HOW A BRAIN PROBLEM CAN BECOME A DRIVING PROBLEM

Oct 27, 2014 @ 06:00 PM — by Myles L. Berman

Before I provide the discussion for today’s blog entry I first need to provide a backdrop.  To set the scene, there has been a solo vehicle car accident in Studio City, California.  The police arrive on the scene and observe the driver unconscious behind the wheel.  The officer calls an ambulance to the scene and follows the ambulance to the hospital.  The driver regains consciousness and begins answering questions posed by the officer.  The officer’s questions focused on the driver’s health and whether the driver consumed any intoxicating substances.  The answers to these questions, however, can have a variety of consequences to the driver’s ability to drive.  Below I have provided different answers to the questions and the exposure the driver has to losing his license based on such answer.

In the first scenario, we’ll call it Scenario A, the driver tells the officer that he absolutely had no intoxicating substances and fell asleep at the wheel due to a grueling work schedule.  The driver submits to a blood test confirming that he ingested no intoxicating substances.  The driver is likely facing charges of reckless driving and may receive points on his driving record.  His chances of any impact on his driving record are not strong absent additional facts.

In Scenario B, the driver tells the officer that he has no medical conditions but consumed several mixed drinks which caused him to fall asleep at the wheel.  He provides a blood sample which indicates that he is above the legal limit of .08.  He is subsequently charged with his first DUI related offense.  He faces losing his license for a period of 30 days to 6 months absent additional facts.  He will be eligible for a restricted license for a period of 5 months.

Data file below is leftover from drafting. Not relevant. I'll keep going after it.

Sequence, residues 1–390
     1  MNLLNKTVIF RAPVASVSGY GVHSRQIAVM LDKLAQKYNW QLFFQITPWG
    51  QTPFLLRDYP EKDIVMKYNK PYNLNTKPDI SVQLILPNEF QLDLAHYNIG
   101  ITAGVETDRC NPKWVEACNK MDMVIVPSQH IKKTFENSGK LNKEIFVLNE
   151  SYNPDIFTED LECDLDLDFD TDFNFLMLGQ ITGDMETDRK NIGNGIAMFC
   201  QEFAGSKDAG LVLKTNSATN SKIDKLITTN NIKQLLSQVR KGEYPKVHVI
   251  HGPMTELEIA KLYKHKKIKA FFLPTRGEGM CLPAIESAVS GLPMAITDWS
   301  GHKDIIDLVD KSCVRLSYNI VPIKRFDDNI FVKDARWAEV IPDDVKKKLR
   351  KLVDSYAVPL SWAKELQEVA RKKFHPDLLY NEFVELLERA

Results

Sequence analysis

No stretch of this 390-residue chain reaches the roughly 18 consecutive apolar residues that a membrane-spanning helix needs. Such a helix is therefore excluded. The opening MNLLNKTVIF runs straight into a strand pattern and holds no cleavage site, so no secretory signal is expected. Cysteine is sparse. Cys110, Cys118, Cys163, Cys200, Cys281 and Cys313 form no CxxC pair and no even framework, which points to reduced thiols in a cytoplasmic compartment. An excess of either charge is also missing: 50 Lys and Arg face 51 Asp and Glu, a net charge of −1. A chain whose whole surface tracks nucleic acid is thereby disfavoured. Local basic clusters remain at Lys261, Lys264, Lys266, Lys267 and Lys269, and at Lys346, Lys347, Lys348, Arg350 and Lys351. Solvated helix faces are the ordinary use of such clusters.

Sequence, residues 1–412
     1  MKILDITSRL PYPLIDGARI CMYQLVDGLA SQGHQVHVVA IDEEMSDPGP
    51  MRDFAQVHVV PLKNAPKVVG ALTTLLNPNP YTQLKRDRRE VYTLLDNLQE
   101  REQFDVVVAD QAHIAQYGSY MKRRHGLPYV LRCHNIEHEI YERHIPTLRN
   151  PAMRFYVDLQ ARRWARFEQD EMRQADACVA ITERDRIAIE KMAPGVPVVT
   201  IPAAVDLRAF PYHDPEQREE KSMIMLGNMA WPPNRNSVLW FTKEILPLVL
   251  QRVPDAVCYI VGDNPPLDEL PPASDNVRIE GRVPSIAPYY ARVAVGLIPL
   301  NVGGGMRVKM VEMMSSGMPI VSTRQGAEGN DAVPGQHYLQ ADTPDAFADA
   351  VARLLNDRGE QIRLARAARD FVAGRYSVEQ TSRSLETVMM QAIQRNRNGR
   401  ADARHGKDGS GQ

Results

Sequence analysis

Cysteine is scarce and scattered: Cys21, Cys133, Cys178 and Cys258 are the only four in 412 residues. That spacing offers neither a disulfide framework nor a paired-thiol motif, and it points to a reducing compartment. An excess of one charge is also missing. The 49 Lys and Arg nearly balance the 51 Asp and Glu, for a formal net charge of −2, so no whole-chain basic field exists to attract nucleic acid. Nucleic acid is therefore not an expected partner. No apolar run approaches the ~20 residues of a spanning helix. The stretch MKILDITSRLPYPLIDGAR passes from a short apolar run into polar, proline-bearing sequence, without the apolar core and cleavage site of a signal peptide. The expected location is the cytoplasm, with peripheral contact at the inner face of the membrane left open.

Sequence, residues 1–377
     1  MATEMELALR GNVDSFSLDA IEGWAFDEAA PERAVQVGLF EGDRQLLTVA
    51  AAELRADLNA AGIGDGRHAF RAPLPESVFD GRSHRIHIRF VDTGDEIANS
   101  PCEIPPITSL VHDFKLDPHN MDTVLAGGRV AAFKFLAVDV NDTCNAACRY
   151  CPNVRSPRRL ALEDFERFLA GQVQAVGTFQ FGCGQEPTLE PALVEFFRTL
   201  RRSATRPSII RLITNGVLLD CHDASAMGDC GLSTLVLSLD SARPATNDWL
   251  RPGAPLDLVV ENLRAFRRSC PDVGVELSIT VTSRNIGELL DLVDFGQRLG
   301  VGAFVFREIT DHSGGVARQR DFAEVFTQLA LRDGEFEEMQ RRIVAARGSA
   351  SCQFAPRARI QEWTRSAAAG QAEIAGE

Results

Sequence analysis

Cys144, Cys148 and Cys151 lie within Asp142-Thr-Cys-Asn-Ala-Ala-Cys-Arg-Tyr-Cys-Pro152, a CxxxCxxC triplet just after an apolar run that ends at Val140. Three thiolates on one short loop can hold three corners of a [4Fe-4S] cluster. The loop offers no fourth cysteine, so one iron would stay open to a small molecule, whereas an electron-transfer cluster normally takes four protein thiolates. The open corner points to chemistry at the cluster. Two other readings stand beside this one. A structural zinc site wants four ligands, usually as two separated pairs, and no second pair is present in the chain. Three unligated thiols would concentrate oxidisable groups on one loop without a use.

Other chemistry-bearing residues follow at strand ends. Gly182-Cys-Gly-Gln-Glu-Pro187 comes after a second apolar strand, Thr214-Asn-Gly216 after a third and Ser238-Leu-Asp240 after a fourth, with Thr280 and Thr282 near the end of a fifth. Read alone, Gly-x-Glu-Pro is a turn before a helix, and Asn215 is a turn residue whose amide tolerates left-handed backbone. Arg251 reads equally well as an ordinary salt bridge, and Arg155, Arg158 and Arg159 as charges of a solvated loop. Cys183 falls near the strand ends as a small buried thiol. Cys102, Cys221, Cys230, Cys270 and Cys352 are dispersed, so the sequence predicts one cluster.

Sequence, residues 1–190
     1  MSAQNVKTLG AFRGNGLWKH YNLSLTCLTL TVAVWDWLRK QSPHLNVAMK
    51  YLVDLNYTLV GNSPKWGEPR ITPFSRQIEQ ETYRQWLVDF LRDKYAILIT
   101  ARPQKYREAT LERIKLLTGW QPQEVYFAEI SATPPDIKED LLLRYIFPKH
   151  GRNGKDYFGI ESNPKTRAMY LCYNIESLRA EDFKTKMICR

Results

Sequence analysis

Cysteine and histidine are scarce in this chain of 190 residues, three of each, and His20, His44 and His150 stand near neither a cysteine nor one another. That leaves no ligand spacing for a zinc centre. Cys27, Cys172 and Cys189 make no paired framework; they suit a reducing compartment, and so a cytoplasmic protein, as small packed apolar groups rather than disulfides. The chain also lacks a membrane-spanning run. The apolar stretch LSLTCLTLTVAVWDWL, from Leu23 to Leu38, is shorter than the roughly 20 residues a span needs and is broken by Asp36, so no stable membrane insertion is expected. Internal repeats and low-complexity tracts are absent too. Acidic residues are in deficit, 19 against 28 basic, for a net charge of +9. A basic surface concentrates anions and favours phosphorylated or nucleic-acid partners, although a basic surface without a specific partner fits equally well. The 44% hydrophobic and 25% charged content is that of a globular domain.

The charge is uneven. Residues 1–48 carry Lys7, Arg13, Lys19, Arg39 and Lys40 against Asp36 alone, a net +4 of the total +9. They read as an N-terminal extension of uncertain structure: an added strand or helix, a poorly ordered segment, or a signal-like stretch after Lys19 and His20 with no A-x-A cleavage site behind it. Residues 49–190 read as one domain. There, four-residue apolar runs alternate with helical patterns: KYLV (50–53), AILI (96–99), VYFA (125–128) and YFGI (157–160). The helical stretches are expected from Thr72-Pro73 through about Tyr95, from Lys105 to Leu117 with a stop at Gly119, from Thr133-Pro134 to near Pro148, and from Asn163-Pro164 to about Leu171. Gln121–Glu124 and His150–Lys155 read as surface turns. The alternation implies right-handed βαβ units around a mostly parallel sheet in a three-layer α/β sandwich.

In Scenario C, the driver tells the officer that he has no medical conditions that he is aware of and consumed no intoxicating substances.  He further states that he thinks that he blacked out behind the wheel.  He submits to blood testing which shows that he had not ingested any intoxicating substances.  The police officer does not recommend any charges be filed against the driver.  But, he does refer the driver to the DMV for a Reexamination Hearing which can result in an indefinite suspension of the driver’s license.

In analyzing the above three scenarios it appears that both drivers in Scenarios A and B demonstrated some lack of responsibility.  However, it appears that the least culpable driver will suffer the most severe consequences.  The reason for this disparity is public safety.  Both behaviors by the drivers in Scenarios A and B can either be corrected by getting proper sleep or not ingesting any intoxicating substances at or before the time of driving.  However, if a person like the driver in Scenario C has a previously undiagnosed medical condition that causes him to have a “lapse of consciousness” (ex. stroke, seizure), then the DMV will perform an investigation to determine whether there is a medical condition that causes Lapse of Consciousness and if it can be treated.  If there is such a condition that cannot be treated, then the driver in Scenario C will never get his license reinstated.  However, if there is a condition that can be treated and controlled or it is shown that there is no such condition; the driver’s license would be reinstated at a future date.

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